Scientists believe that your brain has a built-in “negativity bias.” In other words, as we evolved over millions of years, dodging sticks and chasing carrots, it was a lot more important to notice, react to, and remember sticks than it was for carrots.
That’s because – in the tough environments in which our ancestors lived – if they missed out on a carrot, they usually had a shot at another one later on. But if they failed to avoid a stick – a predator, a natural hazard, or aggression from others of their species – WHAM, no more chances to pass on their genes.
The negativity bias shows up in lots of ways. For example, … Read more »
Recently I wrote a piece saying that I’m making a effort to remember to be happy. When I say that I need to remember to be happy, what I mean is that I need to pause, be mindful, and notice if there’s anything I’m doing that is inhibiting my well-being. Often I do this through asking the question, “Could I be happier right now?”
Often when I ask this question I find, in fact, that I’m being a bit willful and overly intense in the way I’m working. I get very focused on the thing I’m doing (writing an article, for example) and lose touch with how I’m feeling while I’m doing that task. … Read more »
So Glickman, who also happens to be a sought-after yoga instructor and meditation coach in Philadelphia, decided to apply his expertise in meditation to his love life.
How? Meditation …
I’ve made and immediately forgotten too many New Year’s resolutions to be a believer in them, but the start of a new trip around the sun still makes me reflect on changes that I want to bring about in my life.
One thing that started popping into my mind toward the end of last year was the realization that I often forget to be happy.
It seems that just about any time I want, I can access happiness—or at least I can access a greater degree of peace, calm, well-being, and emotional positivity than was present just a moment before.
It works like this: I’ll be doing something, like working, reading, or browsing the web, … Read more »
Want to try a little experiment?
Stop breathing. Really. For a few seconds, maybe a few dozen seconds, and see how it feels.
For me, this experiment is an intimate way to experience a deep truth, that we live dependently, relying on 10,000 things for physical survival, happiness, love, and success.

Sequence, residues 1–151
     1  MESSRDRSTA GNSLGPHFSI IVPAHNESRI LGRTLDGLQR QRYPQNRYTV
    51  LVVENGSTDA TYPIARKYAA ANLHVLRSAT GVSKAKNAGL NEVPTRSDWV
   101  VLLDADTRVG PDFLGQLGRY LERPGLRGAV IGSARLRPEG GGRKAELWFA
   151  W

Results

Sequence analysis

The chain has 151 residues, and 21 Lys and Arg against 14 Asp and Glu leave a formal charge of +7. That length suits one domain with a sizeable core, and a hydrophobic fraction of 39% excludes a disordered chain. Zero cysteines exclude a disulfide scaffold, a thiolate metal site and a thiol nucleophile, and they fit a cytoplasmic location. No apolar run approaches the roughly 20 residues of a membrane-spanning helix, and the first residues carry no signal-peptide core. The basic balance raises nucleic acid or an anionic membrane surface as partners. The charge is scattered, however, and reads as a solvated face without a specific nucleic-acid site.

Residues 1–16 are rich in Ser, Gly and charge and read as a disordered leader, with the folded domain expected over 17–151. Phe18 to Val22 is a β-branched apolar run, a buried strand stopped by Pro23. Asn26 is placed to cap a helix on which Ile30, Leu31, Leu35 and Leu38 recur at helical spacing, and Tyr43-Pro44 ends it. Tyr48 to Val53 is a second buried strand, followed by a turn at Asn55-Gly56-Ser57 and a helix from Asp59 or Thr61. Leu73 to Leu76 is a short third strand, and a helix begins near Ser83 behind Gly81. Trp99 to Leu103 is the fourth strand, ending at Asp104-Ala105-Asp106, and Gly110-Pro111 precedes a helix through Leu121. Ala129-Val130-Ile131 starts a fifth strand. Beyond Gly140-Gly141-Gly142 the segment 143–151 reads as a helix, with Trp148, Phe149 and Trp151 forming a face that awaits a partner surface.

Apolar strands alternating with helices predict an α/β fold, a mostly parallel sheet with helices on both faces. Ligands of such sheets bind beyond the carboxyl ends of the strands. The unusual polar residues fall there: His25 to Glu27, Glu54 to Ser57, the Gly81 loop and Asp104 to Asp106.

For example, within half a minute of no air, most people are uncomfortable, after one minute, they’re panicking, and after four minutes, they’re brain-dead or severely damaged. Second by second, your life and mind require oxygen, the plants that “exhale” it, the sun that drives photosynthesis, and other stars blowing up billions of years ago to make every atom of oxygen in the next … Read more »
If you enjoy reflecting on the intersection of philosophical musings about love and neurobiology, consider reading “A General Theory of Love” by Thomas Lewis, M.D., Fari Amini …
Jennifer Chait, Inhabitots: We’ve seen yoga, standing desks and vegetarian lunches turn troubled schools around, but we’ve never seen meditation adopted successfully within the school system. Until now. According to reports, several San Francisco middle and high schools, as well as scattered schools around the Bay Area, have adopted what they call, “Quiet Time” – a stress-reduction meditation strategy that is doing wonders for students and teachers. The first school to adopt the Quiet Time practice in 2007, Visitacion Valley Middle School, has reaped huge rewards. Formally a school largely out of control, Visitacion Valley is smack in the middle of a neighborhood where shootings are …
Phoebe Waller, Bustle: A few months ago I had no idea what mindfulness was. In fact, I thought it was just being aware of how you interact with and talk to others. It wasn’t until I started researching tips for practicing mindfulness and having a little experiment with it that I realized what all the fuss was about.
The Dictionary describes mindfulness in a couple of ways, with the first being, “The state or quality of being mindful or aware of something” and “a technique in which one focuses one’s full attention only on the present, experiencing thoughts, feelings, and sensations but not judging …
Eric Barker, Barking Up The Wrong Tree: You get all kinds of happiness advice on the internet from people who don’t know what they’re talking about. Don’t trust them.
Actually, don’t trust me either. Trust neuroscientists. They study that gray blob in your head all day and have learned a lot about what truly will make you happy.
UCLA neuroscience researcher Alex Korb has some insights that can create an upward spiral of happiness in your life. Here’s what you and I can learn from the people who really have answers:
Sometimes it doesn’t feel like your brain wants you to be happy. You …
Blayne Pereira, CMI: What is it? Like many buzzwords, it can be difficult to pinpoint an exact (and concise) definition for ‘mindfulness’.
Professor Mark Williams of the University of Oxford, one of the world’s leading researchers in the field, has given a comprehensive description of mindfulness.
“It is a translation of a word that simply means awareness,” he says. “It’s direct, intuitive knowing of what you are doing while you are doing it. It’s knowing what’s going on inside your mind and body, and what’s going on in the outside world as well. Most of the time our attention is not where we intend …